MASTER OF THE DANCE

To me, a worn pair of dance shoes was an illustration of commitment to craft. That is, until one day in 2011 and a particular dance lesson.

Worn Shoes, Photo by Jerena Tobiasen 2020
Worn Shoes, Photo by Jerena Tobiasen 2020

Twenty of us were assembled in a classroom, waiting for an instructor. Ten men and ten women stood in segregated lines against opposite walls of a long room. The men stood with their backs against a blank wall, facing a mirrored one where each of them was expected to observe their frame and how they held their partner within it. The women backed against the mirror. Precisely on the minute that the lesson was to begin, the senior instructor slipped through the door, and closed it quietly. He did not apologize or explain why our regular instructor was absent. He simply began the lesson with a scrutinizing glare that swept the room.

We waited patiently while he sized up the skill set of each student; waited for him to invite us to cross the room and find a partner; waited for him to begin the lesson.

I saw and heard it all, and yet, I saw and heard nothing, so focussed was I on the instructor’s shoes. Even now, I can see them clearly. They were black leather-topped shoes used for smooth dances like waltzes and foxtrots, creased where the foot needed to bend, and worn from constant use. The condition of his shoes, I thought, confirmed his commitment to the art of his craft: ballroom dancing.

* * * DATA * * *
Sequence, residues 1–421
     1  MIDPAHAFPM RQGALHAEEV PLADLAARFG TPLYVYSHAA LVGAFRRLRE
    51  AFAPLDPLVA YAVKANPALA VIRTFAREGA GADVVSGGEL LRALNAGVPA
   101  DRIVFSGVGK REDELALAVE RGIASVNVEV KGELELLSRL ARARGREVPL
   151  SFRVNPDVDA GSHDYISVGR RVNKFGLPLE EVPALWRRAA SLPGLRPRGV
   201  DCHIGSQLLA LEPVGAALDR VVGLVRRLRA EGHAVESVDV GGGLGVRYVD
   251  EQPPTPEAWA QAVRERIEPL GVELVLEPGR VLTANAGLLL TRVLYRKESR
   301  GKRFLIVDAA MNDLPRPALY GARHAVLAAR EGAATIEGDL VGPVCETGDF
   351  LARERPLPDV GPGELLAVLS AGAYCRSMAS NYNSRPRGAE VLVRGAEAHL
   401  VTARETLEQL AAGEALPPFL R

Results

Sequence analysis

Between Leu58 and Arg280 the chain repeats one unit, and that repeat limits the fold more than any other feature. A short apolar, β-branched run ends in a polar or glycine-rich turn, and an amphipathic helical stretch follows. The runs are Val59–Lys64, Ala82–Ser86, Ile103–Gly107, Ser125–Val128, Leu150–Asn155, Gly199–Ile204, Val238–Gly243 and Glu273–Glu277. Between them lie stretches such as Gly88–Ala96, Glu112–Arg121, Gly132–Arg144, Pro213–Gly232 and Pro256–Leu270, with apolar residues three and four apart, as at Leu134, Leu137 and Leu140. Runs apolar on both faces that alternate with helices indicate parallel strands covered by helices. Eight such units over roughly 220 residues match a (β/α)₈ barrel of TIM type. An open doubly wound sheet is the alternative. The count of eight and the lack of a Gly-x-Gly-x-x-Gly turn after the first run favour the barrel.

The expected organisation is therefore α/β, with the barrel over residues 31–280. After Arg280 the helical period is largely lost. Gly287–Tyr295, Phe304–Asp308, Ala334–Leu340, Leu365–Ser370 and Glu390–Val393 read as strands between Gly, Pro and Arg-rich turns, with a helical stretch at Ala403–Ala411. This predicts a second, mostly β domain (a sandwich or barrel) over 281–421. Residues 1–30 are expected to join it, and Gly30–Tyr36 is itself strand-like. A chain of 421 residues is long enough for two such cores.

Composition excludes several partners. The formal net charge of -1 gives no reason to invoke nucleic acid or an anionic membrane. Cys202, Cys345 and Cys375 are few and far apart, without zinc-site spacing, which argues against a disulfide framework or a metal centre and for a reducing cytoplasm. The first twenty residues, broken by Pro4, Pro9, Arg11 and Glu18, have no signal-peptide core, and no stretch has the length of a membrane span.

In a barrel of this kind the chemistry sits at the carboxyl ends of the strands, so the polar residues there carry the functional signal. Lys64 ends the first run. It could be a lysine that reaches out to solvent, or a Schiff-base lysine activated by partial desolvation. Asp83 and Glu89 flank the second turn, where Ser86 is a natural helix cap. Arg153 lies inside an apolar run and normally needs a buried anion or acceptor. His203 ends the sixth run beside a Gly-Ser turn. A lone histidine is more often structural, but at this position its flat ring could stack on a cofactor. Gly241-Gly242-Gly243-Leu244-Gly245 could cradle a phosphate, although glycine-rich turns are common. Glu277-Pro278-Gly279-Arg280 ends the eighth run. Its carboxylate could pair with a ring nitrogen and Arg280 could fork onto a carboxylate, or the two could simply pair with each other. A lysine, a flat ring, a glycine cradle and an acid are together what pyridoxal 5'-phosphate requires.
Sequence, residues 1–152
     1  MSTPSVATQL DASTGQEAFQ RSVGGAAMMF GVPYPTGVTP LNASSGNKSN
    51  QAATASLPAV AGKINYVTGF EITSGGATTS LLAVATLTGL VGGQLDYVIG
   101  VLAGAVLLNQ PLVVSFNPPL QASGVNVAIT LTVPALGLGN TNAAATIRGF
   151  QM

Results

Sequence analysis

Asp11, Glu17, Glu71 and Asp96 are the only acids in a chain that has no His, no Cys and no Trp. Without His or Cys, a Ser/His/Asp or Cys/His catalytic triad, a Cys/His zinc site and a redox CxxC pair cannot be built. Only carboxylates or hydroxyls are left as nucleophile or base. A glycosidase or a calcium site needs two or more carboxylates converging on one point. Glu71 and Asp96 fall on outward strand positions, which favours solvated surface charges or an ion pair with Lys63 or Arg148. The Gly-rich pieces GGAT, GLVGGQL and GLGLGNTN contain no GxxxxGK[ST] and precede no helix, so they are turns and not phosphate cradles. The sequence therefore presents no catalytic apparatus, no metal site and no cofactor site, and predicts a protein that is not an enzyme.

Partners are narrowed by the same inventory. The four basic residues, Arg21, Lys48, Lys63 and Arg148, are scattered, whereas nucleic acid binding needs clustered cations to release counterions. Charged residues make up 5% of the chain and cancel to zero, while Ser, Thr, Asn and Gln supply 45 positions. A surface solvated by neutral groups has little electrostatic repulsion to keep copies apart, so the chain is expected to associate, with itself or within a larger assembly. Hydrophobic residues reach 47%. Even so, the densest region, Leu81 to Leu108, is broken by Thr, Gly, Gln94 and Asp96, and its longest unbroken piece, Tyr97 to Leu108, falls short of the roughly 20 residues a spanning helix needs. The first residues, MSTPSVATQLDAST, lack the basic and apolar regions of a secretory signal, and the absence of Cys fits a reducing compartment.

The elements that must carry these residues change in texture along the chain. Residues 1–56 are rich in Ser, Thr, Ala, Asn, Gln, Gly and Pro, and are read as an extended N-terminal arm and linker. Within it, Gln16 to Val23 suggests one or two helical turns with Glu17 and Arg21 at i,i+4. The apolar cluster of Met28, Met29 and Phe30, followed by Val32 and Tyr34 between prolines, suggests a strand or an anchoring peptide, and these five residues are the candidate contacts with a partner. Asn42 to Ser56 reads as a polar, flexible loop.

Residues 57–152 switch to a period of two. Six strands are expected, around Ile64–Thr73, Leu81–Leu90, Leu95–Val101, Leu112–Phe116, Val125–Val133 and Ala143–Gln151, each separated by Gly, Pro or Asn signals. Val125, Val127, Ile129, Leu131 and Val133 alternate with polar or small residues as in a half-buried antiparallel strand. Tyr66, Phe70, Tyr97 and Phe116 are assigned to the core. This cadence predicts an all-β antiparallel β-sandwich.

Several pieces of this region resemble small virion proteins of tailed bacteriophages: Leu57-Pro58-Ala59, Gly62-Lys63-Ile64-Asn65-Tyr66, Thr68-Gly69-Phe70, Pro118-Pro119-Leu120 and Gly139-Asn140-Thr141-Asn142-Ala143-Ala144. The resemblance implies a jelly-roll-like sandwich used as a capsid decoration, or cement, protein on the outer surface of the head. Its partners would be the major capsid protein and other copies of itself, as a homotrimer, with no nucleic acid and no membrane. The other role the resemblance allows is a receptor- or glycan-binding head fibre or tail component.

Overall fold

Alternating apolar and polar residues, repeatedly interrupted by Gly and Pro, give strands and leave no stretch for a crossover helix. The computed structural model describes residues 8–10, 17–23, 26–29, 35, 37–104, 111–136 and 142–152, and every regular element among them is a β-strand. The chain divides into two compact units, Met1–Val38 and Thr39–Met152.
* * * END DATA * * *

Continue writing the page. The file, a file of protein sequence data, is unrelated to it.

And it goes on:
Smooth Shoes, Photo by Jerena Tobiasen 2008
Smooth Shoes, Photo by Jerena Tobiasen 2008

The condition of his shoe tops, however, was not what attracted – and held – my attention. It was the sole of his right shoe. The stitching on the sole had worn through. With each step, that sole flapped ever so slightly.

The instructor never took his eyes off of us. He watched us as a hawk watches a mouse, ensuring that we maintained our poise, that we understood the steps, that we placed and pressed our feet into the ancient oak floor, that we bent our knees, rolled our hips and held our frame. He watched us practise over and over until he deemed us capable of advancing to the next sequence.

Never once did our instructor mention his shoe. Never once did he misstep. He held his head erect and his back straight. He glided across the room from one couple to the next, fixing our flaws.

As the class concluded, I realized that, while a worn pair of dance shoes may symbolize a commitment in time and an effort to craft, they do not a master make. It was that senior instructor’s unflappable presence, his skill, his dedication and his passion for dance that transcended the trifle of a broken shoe.

That day, I learned what it means to be a master of the dance.

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